By founding this Centre LSE is setting an impressive example to other universities in the UK and around the world. I'm delighted that as we take forward the Preventing Sexual Violence Initiative we'll be able to work with the UK's first academic centre on Women, Peace and Security at the LSE, providing the ideas and rigorous academic understanding needed to expand equal rights, equal freedom and equal opportunity for women everywhere.
William Hague, Visiting Professor in Practice, speaking at the launch of the Centre for Women, Peace and Security in 2015
The cooperation with the Centre has been instrumental in complementing the support we provide to human rights mechanisms in the development of their guidance. It has allowed us to rely on leading expertise to unpack complex human rights issues and ensure the experts receive top quality advice on the latest normative developments and related research.
Veronica Birga, Chief, Women's Human Rights and Gender Section Office of the United Nations High Commissioner for Human Rights
It was a great privilege for the Committee on the Elimination of Discrimination Against Women to participate in the Expert Group Meeting at LSE to work on the update of draft general recomendation No. 19. We benefitted from discussions of the Director and fellows of the Centre, who were all prominent experts on the issue of gender-based violence. The work of the CEDAW Committee has been enriched by the expertise and knowledge that was transferred from the experts at the EGM.
Yoko Hayashi, Former Chairperson, UN Committee on the Elimination of Discrimination Against Women
The meetings added value to our work by providing the external expertise of academicians and practitioners (who) challenged our assumptions and provided us with a unique opportunity to think outside the box and push the boundaries a bit further.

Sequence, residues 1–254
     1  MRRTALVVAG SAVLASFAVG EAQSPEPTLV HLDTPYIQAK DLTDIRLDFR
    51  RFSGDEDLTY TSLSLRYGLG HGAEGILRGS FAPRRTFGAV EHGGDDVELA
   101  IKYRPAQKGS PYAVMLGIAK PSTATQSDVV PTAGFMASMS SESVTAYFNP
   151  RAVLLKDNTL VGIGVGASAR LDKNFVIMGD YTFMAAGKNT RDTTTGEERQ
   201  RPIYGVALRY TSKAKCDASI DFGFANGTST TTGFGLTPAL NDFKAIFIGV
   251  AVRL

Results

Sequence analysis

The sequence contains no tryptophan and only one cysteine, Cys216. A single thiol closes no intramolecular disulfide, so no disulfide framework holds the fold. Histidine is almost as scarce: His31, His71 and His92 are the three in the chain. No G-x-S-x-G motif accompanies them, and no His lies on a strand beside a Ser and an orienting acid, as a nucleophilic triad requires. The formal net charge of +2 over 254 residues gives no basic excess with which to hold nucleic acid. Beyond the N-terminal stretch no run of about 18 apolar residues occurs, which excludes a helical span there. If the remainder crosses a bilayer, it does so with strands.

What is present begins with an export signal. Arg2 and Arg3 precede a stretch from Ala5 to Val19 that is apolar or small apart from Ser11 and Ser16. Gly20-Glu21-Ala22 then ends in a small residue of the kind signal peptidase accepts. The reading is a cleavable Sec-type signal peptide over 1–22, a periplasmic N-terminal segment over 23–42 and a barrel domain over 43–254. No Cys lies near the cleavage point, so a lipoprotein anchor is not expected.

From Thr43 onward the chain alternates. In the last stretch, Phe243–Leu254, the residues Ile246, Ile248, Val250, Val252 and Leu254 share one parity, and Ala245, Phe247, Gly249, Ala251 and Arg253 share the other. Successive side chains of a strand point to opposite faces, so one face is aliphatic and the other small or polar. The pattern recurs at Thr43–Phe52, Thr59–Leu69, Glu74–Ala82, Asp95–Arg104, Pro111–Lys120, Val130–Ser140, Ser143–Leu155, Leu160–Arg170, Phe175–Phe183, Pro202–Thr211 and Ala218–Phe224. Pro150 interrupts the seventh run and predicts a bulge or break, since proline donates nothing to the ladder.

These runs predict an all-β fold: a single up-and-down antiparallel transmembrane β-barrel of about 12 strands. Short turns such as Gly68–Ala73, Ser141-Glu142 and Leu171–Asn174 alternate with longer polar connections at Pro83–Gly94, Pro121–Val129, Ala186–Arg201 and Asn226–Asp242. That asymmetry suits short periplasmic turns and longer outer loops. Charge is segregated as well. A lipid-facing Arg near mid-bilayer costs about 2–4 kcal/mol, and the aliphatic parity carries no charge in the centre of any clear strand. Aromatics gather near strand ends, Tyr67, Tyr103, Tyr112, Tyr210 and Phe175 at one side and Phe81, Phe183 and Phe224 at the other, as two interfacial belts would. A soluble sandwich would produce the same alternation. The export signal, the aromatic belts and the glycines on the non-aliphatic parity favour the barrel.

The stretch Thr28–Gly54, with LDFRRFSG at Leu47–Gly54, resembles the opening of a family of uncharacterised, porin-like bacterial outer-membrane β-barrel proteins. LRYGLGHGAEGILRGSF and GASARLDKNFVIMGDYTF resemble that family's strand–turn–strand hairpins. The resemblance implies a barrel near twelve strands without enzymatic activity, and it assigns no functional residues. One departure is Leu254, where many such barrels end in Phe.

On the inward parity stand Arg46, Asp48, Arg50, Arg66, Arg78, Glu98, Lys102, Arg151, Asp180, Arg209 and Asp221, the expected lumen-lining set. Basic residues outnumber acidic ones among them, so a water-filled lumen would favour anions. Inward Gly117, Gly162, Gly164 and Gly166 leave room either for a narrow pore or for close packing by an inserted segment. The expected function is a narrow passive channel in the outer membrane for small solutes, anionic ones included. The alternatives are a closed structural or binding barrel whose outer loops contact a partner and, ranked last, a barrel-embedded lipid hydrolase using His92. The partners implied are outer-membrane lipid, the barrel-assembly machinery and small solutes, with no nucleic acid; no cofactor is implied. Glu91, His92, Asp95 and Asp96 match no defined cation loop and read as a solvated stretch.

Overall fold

Nahla El Addal Haidar, Member, UN Committee on the Elimination of Discrimination Against Women
We need the next generation of educated youth with inquisitive minds and fresh energy, who are willing not only to sit in the classroom but also go out into the field and the courtrooms and to make a decisive difference.
Angelina Jolie, Visiting Professor in Practice, speaking at the launch of the Centre for Women, Peace and Security in 2015
For the last 16 years the UK has been at the forefront of international efforts to implement the Women, Peace and Security agenda. It is only fitting that the UK is now home to such a leading academic institution on the issue. In its first year, the LSE Centre's research programmes have already made an invaluable contribution to the development of government policy on SCR 1325. Their educational activities will ensure the next generation of policy makers understand the importance - and relevance - of this agenda to a wide variety of disciplines. I look forward to seeing the Centre develop even further over the next few years.
Rt Hon Baroness Anelay of St Johns DBE, Minister of State for the Commonwealth and the UN at the Foreign and Commonwealth Office and Prime Minister's Special Representative on Preventing Sexual Violence in Conflict
The LSE WPS Centre is already providing an eminent academic focus on the Women, Peace and Security agenda. It convenes important dialogue between government, academia, NGOs and those working at grassroots in conflict countries. I have seen first-hand the valuable role that the Centre is playing and think that it has the potential to become even more influential on this important agenda.
Baroness Hodgson of Abinger, CBE, Chair of the Advisory Board of Gender Action for Peace and Security (GAPS) and Co-Chair, All Party Parliamentary Group on Women, Peace and Security